Posted by: Bill Jones | May 30, 2008

The Helio Sequence Had to Lose Their Voice to Find It

There are numerous Indie rock reviews that could be summed up with the words “music’s great, singer’s bad.” The Helio Sequence— up until now considered a good-not-great duo on Sub Pop and Cavity Search— buck this trend like a colt with a elastic strap snuggly pulled around their abdomen. Eargoggles’ pick as the Band of Horses of the Summer of 2008. Brandon Summers, the band’s frontman, is a compelling, economical, and technically sound vocalist who can, and does, carry the band’s fourth album, Keep Your Eyes Ahead, to an almost repetitive play must on most audiophiles players of choice.

You have to go back to go forward on this story however.

(more after the jump + music files + whiskey??)

So, following two epic, self-produced albums on Portland’s Cavity Search Records, The Helio Sequence had just released the slinky Love and Distance in 2004; their debut on Sub Pop. Brandon and best friend Benjamin “Benji” Weikel were traversing the country with their obsesessive collection of synthesizers, pedals, guitars and big ‘ol amps all jam-packed into a secondhand tour van (a two-seater obtained during Benjamin’s stint as the drummer for famed Modest Mouse). After a very taxing six months of tours in the U.S. and Europe with Kings of Leon, Blonde Redhead, Modest Mouse and Secret Machines, Brandon’s vocal chords became severely shredded. When he lost his voice for the first batch of these dates, he thought it was a fluke thing and decided to made the best of it [enter the whiskey]. Halfway through the tour, though, he could hardly speak—let alone sing—and literally had to stop talking during daylight hours–much like a vampire??. To kill the boredom of the forced silence during the day and the frustration of crappy show performences at night, he took in 60 books in about as many days. One of the first books he read was Bob Dylan’s Chronicles. Upon returning to Portland, Brandon’s doctor forbade him from singing for almost two months. The doc’s directive led Summers to a feast of indie rock anomalies: healthy living via exercise! and a regular practice/recording schedule and dare we say! improvement via singing exercises. “I really hit the wall,” he recalls, “Going into 2005 I actually had to think, ‘If I lose my voice, what will I do?’” The results lie in ascendant vocals that replace awkward growls and breathy whispers with precise notes and even phrasing.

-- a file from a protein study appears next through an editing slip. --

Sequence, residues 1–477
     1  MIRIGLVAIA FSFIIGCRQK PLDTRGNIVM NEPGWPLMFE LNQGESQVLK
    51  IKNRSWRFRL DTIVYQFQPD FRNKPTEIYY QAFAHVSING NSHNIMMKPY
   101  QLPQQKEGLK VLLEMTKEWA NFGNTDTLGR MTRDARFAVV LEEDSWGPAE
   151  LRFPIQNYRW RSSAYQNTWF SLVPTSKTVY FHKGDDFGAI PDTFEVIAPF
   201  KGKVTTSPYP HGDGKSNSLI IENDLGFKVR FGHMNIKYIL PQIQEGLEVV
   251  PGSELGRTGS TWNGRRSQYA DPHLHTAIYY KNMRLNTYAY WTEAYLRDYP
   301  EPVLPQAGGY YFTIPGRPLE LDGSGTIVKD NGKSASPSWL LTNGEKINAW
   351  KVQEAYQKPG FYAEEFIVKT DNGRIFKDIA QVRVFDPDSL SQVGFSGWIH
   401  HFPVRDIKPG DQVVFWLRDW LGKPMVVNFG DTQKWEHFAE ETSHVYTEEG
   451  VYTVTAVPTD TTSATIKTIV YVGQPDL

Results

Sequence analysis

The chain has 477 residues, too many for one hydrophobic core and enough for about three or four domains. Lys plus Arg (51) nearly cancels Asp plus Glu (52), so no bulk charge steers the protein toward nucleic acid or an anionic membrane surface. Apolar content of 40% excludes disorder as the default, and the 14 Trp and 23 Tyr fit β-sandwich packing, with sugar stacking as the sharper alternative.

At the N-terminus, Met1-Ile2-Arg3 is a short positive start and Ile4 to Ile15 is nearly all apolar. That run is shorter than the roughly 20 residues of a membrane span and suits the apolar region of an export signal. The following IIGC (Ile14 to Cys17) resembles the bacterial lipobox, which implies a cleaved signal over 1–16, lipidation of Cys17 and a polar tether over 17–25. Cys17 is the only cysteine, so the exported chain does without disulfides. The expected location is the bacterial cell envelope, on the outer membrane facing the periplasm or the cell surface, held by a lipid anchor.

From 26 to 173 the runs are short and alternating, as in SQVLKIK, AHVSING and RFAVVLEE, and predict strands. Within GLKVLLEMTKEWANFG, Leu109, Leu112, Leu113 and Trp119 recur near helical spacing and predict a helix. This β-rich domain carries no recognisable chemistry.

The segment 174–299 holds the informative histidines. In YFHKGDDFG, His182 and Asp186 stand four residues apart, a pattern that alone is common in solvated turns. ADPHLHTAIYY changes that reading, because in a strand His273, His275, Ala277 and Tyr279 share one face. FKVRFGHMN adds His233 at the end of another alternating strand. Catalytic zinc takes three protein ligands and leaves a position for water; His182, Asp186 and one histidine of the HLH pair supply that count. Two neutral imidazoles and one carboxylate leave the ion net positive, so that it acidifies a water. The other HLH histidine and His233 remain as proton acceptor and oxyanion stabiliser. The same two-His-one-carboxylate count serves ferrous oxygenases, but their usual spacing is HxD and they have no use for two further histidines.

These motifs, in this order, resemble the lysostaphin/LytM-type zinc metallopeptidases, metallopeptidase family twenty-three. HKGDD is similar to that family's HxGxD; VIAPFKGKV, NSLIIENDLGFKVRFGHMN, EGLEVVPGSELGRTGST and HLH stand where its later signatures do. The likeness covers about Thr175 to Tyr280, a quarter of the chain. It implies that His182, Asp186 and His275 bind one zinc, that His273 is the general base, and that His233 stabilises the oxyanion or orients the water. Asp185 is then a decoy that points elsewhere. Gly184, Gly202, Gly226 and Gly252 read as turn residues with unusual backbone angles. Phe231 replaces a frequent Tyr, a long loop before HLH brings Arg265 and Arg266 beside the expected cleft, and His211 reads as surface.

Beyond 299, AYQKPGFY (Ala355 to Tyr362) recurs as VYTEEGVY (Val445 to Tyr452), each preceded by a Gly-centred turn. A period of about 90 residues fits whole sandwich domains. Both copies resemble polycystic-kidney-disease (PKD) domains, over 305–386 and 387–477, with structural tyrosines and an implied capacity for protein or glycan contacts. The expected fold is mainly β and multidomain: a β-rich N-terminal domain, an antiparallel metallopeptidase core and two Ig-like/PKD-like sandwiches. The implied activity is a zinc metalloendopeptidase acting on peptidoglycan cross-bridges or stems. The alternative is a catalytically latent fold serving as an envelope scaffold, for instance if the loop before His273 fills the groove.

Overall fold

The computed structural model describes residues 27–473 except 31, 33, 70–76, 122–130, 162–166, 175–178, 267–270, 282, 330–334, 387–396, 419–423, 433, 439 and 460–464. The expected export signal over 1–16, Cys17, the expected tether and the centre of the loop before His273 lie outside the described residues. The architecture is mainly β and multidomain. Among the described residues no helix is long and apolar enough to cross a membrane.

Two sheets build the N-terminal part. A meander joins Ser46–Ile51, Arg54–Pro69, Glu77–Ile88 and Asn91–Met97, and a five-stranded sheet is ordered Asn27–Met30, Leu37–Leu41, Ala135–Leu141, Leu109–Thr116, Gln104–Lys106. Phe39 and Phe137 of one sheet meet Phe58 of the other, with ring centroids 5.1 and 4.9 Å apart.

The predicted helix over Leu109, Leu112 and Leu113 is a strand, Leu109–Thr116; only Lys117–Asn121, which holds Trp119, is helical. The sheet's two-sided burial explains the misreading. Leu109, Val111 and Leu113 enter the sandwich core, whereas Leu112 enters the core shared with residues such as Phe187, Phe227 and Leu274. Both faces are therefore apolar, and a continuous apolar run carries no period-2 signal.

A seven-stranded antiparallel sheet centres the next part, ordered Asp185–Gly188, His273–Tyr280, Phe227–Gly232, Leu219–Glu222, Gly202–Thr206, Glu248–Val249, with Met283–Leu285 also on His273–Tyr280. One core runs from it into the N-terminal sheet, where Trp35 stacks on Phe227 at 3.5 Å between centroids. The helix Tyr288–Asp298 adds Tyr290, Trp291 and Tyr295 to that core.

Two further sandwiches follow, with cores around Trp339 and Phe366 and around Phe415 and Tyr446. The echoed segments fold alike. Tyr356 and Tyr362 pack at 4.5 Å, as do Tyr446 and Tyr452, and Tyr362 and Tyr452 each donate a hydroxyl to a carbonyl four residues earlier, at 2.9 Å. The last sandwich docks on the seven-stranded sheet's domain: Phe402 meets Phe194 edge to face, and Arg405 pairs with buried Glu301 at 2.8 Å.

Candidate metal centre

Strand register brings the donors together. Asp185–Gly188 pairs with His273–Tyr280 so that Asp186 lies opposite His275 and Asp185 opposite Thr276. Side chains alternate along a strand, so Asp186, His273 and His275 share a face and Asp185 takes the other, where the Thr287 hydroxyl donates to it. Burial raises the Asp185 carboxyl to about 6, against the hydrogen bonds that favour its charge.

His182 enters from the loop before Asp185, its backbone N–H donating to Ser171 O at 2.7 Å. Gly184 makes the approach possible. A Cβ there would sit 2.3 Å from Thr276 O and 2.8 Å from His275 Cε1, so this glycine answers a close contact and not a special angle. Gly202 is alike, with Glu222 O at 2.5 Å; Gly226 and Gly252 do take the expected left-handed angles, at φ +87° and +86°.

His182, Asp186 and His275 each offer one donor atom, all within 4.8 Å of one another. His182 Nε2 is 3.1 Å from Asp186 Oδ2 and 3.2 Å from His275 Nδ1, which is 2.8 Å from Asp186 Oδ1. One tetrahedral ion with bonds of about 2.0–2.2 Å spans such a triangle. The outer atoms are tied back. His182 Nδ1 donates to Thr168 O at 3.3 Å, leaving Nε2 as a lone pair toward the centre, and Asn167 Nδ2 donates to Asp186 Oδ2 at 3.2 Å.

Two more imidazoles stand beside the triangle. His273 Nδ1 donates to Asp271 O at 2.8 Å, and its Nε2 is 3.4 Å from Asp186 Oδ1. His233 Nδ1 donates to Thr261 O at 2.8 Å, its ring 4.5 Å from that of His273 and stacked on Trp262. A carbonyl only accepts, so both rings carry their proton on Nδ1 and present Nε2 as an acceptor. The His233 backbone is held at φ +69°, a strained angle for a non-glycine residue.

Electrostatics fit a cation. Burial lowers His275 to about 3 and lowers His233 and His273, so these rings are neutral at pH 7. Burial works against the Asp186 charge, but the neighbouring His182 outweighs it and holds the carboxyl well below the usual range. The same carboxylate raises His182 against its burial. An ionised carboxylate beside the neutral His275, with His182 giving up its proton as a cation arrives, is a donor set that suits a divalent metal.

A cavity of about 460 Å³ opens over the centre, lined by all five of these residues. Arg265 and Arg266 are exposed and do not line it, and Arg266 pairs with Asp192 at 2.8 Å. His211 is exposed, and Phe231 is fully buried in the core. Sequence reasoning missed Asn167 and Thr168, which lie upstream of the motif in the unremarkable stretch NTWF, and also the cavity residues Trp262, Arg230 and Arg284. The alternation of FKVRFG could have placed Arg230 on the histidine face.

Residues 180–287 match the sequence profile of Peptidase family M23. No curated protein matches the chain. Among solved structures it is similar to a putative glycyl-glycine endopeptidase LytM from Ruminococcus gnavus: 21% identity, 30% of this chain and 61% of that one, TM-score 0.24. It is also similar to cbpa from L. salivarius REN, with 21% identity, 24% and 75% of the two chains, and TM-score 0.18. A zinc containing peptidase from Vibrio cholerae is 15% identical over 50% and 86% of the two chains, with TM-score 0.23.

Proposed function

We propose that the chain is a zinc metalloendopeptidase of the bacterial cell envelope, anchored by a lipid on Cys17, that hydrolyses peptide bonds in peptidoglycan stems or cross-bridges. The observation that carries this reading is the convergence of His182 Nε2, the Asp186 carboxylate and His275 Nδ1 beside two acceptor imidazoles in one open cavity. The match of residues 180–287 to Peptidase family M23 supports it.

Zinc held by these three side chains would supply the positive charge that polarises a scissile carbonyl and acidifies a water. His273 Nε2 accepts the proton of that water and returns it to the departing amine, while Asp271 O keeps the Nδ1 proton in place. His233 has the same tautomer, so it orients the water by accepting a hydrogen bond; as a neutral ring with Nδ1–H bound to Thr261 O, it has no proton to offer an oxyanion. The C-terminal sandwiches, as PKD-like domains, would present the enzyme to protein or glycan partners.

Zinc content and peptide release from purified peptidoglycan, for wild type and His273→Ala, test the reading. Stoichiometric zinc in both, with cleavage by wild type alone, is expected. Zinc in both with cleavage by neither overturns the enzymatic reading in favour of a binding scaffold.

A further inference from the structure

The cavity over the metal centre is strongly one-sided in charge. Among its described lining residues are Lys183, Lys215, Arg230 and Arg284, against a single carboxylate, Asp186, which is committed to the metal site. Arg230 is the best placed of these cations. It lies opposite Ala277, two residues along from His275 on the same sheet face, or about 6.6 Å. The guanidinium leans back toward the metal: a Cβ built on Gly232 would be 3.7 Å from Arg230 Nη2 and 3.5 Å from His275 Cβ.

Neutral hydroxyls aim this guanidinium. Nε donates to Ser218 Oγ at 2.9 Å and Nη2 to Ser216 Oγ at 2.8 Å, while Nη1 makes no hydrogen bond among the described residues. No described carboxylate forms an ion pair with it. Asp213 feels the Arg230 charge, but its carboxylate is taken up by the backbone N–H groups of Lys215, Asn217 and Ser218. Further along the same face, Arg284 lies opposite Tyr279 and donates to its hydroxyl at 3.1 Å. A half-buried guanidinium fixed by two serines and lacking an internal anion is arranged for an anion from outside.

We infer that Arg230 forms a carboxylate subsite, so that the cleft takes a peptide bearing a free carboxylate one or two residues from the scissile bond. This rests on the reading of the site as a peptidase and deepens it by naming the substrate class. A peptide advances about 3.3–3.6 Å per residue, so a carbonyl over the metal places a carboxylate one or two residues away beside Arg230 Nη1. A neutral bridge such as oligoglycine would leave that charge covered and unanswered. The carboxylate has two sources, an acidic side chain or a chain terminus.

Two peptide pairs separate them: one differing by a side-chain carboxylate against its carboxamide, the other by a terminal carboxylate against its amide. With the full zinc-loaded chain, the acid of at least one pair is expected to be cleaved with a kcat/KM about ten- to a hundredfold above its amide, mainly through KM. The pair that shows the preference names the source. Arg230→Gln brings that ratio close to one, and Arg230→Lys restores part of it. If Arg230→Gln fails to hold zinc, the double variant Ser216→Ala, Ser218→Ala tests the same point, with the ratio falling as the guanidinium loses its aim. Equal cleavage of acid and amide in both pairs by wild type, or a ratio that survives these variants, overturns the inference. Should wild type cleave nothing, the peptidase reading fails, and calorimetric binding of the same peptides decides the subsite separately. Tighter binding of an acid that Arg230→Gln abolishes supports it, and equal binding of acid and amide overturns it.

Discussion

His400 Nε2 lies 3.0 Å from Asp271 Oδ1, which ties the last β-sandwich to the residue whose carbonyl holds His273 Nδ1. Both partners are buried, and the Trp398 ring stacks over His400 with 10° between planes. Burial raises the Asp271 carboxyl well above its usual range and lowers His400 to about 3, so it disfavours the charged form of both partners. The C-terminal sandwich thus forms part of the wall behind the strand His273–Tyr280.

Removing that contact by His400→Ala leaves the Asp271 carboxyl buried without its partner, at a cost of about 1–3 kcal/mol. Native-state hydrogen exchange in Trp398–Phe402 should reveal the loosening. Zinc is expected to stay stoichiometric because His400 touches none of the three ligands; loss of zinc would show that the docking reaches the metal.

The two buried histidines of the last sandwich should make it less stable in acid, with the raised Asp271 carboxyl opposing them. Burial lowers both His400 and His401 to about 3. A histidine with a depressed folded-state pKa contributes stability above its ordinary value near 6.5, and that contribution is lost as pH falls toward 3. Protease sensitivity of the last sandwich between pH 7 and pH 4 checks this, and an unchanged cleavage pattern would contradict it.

Brandon taught himself vocal exercises and mic technique, after trading his Maker’s Mark in for Ricola, and took up jogging and vowed not to be another lazy musician; from that point on, recording and practice sessions were to begin at 9am sharp (Kinda like Luke Wilson’s character in Bottlerocket). So, it isn’t that surprising that Keep Your Eyes Ahead is The Helio Sequence’s most dynamic, extraordinary work to date. Keep Your Eyes Ahead marries the duo’s signature layered keyboards and Large-room guitars with crisp songwriting and a newfound appreciation for minimalism. The finger picking on Shed Your Love is backed by exquisite classical-like strings and ambient noise, but Brandon’s serene, self-assured delivery remains front and center. While songs from the band’s early releases were up near 7 minutes, even the longest, jammiest, catchiest track on Keep Your Eyes Ahead (the barn-stomping Hallelujah) clocks in at 4 and a half minutes, evidence of just how refined their craft has become. Or are they trying to be more radio friendly? Beyond the new health regimen, Brandon’s forced silence helped him deconstruct and refocus his approach towards musical expression. Lyrics increasingly became a stream of consciousness. The vocals were recorded spontaneously in bedroom closets and family living rooms, which may explain the haunting urgency you hear in Brandon’s voice, like his parents were coming home soon and they hadn’t cleaned up, especially on driving tracks like Keep Your Eyes Ahead. The band also took it’s time on the album. After the bulk of official recording was completed, a listen through of all the demos and snippets on Brandon’s hard drive convinced Benjamin there were more gems in the rough. Most of which became the aforementioned Hallelujah and Keep Your Eyes Ahead, as well as the mid-tempo Back to This. True Neo-Indie indeed, with their macs a blazing; they obsessively obsessed over the album until the album was an album and not just a bunch of songs.